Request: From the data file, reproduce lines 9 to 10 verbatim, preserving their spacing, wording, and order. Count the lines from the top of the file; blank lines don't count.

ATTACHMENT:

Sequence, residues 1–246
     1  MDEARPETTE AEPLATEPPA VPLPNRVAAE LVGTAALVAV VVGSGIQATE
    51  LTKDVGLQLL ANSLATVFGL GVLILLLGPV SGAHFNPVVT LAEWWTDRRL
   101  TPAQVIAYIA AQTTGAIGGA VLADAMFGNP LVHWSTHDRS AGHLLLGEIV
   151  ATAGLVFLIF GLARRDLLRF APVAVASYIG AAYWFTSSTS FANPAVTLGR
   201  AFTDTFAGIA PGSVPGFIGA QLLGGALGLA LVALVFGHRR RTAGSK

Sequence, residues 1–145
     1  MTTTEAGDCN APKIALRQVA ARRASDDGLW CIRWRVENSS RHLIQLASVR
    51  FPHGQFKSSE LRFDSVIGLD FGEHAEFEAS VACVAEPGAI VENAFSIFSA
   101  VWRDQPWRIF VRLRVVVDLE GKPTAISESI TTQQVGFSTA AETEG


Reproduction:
    51  FPHGQFKSSE LRFDSVIGLD FGEHAEFEAS VACVAEPGAI VENAFSIFSA
   101  VWRDQPWRIF VRLRVVVDLE GKPTAISESI TTQQVGFSTA AETEG